The Economist ran one of their occasional EdTech updates: to titles that caught my eye:
- Summary bit: Together, technology and teachers can revamp schools
- copy of this article here
- And Technology is transforming what happens when a child goes to school
- copy of this article here
Two popular recent articles on applications of machine learning:
- Million-Dollar Prize Hints at How Machine Learning May Someday Spot Cancer (Will Knight, May 9, 2017)
- a copy of this article is here
- Machine-learning promises to shake up large swathes of finance (The Economist, May 28, 2017)
- a copy of the article is here
Google posted information about TensorFlow — the release of as open source of a key bunch of machine learning tools on their Google research blog here.
Given the great piles of multi-dimensional tables (or arrays) of data machine learning typically involves, and (at least for us primitive users) the tremendous shovel work involved in massaging and pushing around these giant piles of data file (and sorting out the arcane naming schemes devised to try to help with this problem is almost a worse problem itself),
the appellation of “Tensor Flow” as a tool to help with this is at first blush very promising. That is, rather than just a library of mathmatical algorithm implementations, I am expecting something that can help make the machine learning work itself more manageable.
I suspect that just figuring out what this is will cost me a few days… but I have much to learn.
As can be seen in the paper posted previously, I continue to find the “Confusion Matrix” an excellent tool for judging the performance of machine learning (or other) models designed to predict outcomes for cases where the true outcome can also be determined.
Even simple attempts at explanations sometimes fail — witness the Wikipedia entry — and since I find this so helpful in looking at Machine Learning model performance, as noted in the prior post, I thought I’d provide a brief example here (from the paper) as well as provide pointers to great web resources for understanding “Quadratic-Weighted Kappa” — a single descriptive statistic that is often used to quantify the validity of “inter-rater reliability” in a way that is more useful, or comprehensive, than mere “accuracy”, if less descriptive by nature than these lovely visual aids.
So here are two Confusion Matrices representing output from two different theoretical machine learning models (click to expand):
The point of these two model performance diagrams was to show that while the two models have identical “accuracy” (or exact match rates between predicted and achieved output), the first model has a more balanced error distribution than the second. The Second model has a “better” quadratic weighted kappa — but also demonstrates a consisted “over-scoring” bias. I think most people would agree that the first model is “better”, despite it’s (slightly) lower QWK.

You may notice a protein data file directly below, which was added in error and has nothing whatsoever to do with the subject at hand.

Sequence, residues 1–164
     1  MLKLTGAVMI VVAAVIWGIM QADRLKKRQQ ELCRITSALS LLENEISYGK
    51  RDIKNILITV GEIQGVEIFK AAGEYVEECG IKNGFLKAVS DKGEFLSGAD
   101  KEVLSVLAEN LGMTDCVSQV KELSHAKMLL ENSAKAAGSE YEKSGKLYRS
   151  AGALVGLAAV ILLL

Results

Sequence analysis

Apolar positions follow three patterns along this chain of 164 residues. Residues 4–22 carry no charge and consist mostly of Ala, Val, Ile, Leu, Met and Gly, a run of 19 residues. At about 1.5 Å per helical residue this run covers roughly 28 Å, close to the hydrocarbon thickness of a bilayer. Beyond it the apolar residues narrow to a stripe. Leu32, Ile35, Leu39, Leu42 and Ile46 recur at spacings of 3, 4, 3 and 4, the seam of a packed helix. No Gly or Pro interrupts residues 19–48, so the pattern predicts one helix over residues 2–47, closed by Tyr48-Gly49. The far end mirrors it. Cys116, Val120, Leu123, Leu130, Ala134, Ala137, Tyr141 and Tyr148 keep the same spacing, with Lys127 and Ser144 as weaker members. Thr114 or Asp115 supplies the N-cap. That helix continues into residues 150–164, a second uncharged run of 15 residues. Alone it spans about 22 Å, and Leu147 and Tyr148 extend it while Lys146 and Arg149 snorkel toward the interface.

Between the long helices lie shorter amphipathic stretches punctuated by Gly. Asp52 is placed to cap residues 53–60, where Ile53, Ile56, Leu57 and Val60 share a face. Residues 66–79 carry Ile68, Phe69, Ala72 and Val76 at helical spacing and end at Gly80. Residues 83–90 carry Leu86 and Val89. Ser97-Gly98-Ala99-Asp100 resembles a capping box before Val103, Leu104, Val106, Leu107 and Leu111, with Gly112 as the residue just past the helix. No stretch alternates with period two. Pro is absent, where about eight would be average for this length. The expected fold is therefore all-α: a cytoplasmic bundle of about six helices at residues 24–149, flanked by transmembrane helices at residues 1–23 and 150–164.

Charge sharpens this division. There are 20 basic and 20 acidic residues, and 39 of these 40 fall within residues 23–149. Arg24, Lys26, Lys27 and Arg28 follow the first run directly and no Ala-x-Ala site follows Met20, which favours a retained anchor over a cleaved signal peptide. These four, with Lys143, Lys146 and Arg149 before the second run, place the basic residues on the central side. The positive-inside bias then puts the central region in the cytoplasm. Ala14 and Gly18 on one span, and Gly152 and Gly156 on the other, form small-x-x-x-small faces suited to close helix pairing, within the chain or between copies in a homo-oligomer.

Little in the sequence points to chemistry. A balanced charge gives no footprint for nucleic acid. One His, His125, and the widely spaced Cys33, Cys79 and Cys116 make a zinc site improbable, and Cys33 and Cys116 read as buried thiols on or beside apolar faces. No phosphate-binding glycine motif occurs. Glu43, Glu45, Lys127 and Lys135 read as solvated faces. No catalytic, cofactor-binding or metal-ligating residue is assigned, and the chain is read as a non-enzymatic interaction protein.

And then lastly, the promised reference information for folks simply interested in getting a better grip on Quadratic-Weighted Kappa (excerpts from my paper posted earlier):
Two helpful web pages that can do quick Kappa calculations on data already prepared in the form of a Confusion Matrix can be found at http://www.marcovanetti.com/pages/cfmatrix and even more helpfully (this one includes quadratic-weighted kappa, and a host of other related calculations) at http://vassarstats.net/kappa.html.
Excellent and thorough definitions of Kappa, and its relevance for use in comparing two sets of outcomes for inter-rater reliability, can be found in many places. These range from simple, mechanical and statistical definitions (and some implicit assertions or assumptions that might be worth examination) to detailed examinations of various forms of Kappa (meaning also the linear and quadratic and other acknowledgements of the relationship between classification labels or classifications) and specifically the “chance-corrected” aspect of the calculation, independence assumptions and other factors that give more, or less, weight to the idea that QWK (or interclass correlation coefficient) is or is not a good measure for what we are trying to get at – the degree of fidelity between model outputs for a trained “scoring engine” and actual outputs from human judgment. See for example see:
- http://kappa.chez-alice.fr/ and
Also worthwhile are the notes and discussion on the two Kappa calculation web pages / sites noted above.
The increasing desire for more authentic assessment, and to the assessment of higher order cognitive abilities, is leading to an increased focus on performance assessment and the measurement of problem-solving skills, among other changes, in large scale educational assessment.